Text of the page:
Touch, tenderness, and technology in Cloud of Petals

Sarah Meyohas’ new exhibition embraces electronic form in its exploration of beauty, writes Eleanor Birdsall-Smith

Sarah Meyohas’s Cloud of Petals grants its audience no time to adapt or understand before it launches forward. We are immediately hit with its startling power, as thick thumbs rub the clitoral centre of a plump dusty pink rose. Yet, while at times erotic and deeply seductive, it is not just about sex.

Set over the course of four days, the installation aims to address perceptions of beauty as well as the relationship between nature and technology. In a sentence out of context, this sounds appalling, tired and clichéd, yet remarkably it manages to almost completely avoid all of these usual shortcomings. The brief premise of the film follows sixteen men who were chosen to carefully and diligently pick flowers they deemed to be the most beautiful.

These flowers were then used and explored in a laboratory designed by the renowned Finnish-American architect Eero Saarinen. Over 100,000 petals of all different types and colours were both physically pressed and uploaded to a cloud system. This leads us to the interesting way Meyohas interprets the relationship between beauty, nature and technology: “This film traces beauty and subjectivity within the systems of automation and artificial intelligence,” says Meyohas. “From the trove of images taken by
the ‘workers’, an artificial intelligence algorithm is created, allowing for the creation of new, unique petals forever.”

However, while the concept behind the piece is intriguing and brilliant in its own right, it is the finished spectacle that truly amazes. It is filled with fast pace transitions which make your tummy turn and your heart swell. This manages to strike an interesting balance between uncomfortable and exciting, for instance at one point focus is put on the thick bodies of Burmese pythons as they slip scale by scale past the rose petals, until we are suddenly but seamlessly zooming beneath an amass of exposed rubber wires and tubes in the ceiling, which otherwise would have remained ordinary and overlooked.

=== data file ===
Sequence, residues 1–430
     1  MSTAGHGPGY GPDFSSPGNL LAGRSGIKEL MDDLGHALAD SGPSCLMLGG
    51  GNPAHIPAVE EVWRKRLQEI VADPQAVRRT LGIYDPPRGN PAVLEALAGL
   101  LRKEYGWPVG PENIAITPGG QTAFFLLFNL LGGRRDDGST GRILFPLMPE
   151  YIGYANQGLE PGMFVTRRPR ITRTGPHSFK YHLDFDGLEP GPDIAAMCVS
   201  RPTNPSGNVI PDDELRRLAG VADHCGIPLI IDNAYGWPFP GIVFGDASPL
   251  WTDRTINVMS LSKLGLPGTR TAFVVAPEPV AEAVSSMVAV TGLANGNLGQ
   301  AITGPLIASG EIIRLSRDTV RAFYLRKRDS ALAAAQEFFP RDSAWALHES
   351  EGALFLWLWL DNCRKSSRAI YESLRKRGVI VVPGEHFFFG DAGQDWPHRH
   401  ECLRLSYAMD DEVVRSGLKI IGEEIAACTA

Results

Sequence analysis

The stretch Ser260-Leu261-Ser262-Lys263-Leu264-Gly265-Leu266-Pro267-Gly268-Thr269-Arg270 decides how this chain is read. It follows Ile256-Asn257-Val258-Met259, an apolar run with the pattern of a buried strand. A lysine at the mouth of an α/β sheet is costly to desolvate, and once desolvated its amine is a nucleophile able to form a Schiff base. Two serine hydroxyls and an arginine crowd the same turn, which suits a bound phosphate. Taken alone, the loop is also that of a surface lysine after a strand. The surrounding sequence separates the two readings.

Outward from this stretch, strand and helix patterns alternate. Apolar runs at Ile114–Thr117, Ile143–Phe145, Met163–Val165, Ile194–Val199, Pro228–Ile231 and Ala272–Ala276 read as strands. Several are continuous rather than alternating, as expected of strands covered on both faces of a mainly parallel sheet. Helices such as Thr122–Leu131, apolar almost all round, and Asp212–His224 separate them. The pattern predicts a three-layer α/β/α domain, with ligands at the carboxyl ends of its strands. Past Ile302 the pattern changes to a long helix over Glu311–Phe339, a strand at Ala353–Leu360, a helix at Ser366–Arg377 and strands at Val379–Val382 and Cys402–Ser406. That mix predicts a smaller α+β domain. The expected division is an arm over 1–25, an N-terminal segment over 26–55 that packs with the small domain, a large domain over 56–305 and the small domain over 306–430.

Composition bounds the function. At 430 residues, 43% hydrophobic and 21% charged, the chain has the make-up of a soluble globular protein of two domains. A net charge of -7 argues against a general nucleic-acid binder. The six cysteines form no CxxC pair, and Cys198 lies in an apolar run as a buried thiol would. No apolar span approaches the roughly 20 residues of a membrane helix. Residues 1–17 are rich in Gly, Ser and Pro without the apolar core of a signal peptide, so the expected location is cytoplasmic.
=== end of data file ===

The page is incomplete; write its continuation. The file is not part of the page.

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This sense of unity and connection continues throughout with a particular emphasis on line and geometry, which somehow manages to stay tied down to the experiment at hand, with almost Orwellian imagery of men working within this bizarre factory full of grids and parameters.  There are also beautifully tender moments, as a child laces glimmering blue blurs into the hair of another, which then, a little jarringly, are revealed to be little blue bottle flies. Yet it is at times undeniably sensual in a way no romance novel, film or porno ever could be.

It will hit you in the depth of your chest, exciting your heart and mind and inciting desire
purely though its keen focusing on the impact of the touch. It embraces its electronic form and presentation through an ongoing house fly motif, which flits between being on video, and physically resting on the screen which displays the video. This enables the shots of the cloud and loading icons to continue the narrative without becoming trying or cringe inducing.

The sombre and foreboding soundtrack to the video adds a weight to the piece, which on its own could seem fleeting frivolous and skittish with its quick paced shot changes, yet in combination becomes serious and almost scary. The actual music has the same effect as trailers for blockbusters, which inexplicably give you goose bumps in the cinema, however this is also combined with interspersed moments of ASMR-style whispers. The result is that the video seems to hit every sense, setting the body on fire. Tuning in to the intricacies of human sensation, the piece above anything else seeks to invite emotional response.

At no point is the narrative (to use the term loosely) or themes of the piece driven home or flagged up for the easy consumption of the viewer, enhancing and stretching the accepted ‘show not tell’ principle.

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Cloud of Petals is on show at Red Bull Arts, New York, through 10 December 2017, but an extended cut is available to stream via ‘nowness.com’ as part of their ‘Video Art Visions’ series, which also has many other beguiling pieces from a variety of different sources.

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